I have a dataset with ~30k samples and 35 features (after feature selection; these seem to be the most important features for this dataset and they have low correlation between each other).

After doing grid search with 10-fold CV on the hyperparameters, to my surprise I get the lowest validation error when colsample_bytree is such that only 1 feature is sampled for each tree! (Edit: actually, with 2 features sampled per tree it works slightly better - but if I increase the number of features sampled per tree the performance keeps getting worse). The depth of each tree is 3 and I am building 2000 trees. That is, for each tree, a feature is randomly selected, and then xgboost tries to fit to residuals using only that feature.

That seems to be very unusual. How should I interpret this? If I have feature interactions in my trees, I start to overfit? But then I would expect performance with trees of depth 1 and no feature subsampling to perform just as good, yet they don't. In fact, in the grid search, nearly all models with such extreme feature subsampling did better than models without feature subsampling.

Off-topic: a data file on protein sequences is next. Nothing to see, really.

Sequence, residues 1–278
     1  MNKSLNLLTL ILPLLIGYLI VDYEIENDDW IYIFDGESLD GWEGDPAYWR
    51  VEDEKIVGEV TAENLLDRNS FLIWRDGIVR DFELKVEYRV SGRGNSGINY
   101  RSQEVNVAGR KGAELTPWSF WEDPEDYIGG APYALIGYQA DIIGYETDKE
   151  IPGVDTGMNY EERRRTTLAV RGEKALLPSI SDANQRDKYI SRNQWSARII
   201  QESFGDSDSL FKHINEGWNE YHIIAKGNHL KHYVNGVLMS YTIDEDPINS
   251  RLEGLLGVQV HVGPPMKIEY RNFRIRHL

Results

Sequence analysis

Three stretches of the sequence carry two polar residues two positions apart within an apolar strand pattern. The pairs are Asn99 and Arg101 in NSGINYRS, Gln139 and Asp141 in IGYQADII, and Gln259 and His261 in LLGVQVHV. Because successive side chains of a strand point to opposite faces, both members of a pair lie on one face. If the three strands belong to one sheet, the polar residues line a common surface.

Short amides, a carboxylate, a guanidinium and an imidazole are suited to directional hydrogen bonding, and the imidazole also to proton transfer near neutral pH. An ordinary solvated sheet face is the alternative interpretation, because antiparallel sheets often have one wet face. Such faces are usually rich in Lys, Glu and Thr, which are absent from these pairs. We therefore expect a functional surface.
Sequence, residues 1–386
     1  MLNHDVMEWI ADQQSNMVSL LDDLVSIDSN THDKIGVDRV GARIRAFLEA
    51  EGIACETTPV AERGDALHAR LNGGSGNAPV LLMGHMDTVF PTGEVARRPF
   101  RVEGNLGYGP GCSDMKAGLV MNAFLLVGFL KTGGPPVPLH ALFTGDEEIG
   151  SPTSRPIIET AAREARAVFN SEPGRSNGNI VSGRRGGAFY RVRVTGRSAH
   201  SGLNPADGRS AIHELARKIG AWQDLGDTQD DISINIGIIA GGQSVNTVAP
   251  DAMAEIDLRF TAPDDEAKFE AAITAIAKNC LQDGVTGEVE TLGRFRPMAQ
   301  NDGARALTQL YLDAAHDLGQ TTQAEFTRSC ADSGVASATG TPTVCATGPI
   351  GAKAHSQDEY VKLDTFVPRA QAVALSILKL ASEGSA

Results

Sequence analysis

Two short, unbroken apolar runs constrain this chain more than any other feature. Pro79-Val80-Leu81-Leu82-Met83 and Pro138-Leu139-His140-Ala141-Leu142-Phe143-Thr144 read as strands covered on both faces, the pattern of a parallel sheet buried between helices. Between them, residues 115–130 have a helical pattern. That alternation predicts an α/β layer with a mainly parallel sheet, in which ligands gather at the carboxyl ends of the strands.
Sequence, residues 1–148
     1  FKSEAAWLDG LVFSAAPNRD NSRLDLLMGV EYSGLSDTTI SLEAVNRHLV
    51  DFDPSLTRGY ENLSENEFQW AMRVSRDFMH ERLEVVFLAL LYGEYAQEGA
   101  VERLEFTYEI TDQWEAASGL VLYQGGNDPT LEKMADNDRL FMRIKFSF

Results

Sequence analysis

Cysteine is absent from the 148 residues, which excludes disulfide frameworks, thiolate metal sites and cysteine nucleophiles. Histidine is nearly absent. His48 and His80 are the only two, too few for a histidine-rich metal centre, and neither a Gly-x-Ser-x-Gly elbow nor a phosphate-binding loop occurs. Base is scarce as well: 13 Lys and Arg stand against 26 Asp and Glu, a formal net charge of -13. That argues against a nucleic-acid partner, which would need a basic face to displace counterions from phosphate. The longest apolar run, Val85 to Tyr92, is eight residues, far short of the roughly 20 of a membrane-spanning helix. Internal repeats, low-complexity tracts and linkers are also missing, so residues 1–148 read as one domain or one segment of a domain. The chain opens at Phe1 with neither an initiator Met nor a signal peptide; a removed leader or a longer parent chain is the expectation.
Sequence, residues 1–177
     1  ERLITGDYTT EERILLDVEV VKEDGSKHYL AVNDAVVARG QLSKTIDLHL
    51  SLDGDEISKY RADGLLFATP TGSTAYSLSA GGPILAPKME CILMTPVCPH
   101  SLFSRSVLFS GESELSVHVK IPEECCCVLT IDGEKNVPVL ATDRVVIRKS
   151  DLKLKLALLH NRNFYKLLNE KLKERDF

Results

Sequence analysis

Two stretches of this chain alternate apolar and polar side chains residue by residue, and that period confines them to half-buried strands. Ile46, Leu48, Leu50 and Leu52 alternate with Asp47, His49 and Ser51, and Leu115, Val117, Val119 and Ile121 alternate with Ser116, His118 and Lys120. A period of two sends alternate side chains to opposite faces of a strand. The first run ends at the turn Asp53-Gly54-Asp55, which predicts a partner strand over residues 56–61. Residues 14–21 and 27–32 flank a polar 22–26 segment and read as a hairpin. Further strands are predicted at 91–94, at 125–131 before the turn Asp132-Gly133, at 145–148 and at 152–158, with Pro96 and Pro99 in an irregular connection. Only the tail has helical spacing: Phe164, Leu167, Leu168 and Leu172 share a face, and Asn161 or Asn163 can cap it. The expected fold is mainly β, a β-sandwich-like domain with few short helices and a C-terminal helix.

Edit: is it possible that I have some features that fit well to the training set but generalize very poorly, and such individual feature sampling helps to avoid those features dominating the model? I am struggling to see what else this could mean.

Edit2: Tried removing individual features, performance does not improve, which suggests that my hypothesis from the previous edit is unlikely. On the other hand, I found that the optimal performance is actually when I sample 2 features per tree. At least now my features are interacting, but still, I am not sure how to explain this gain in performance.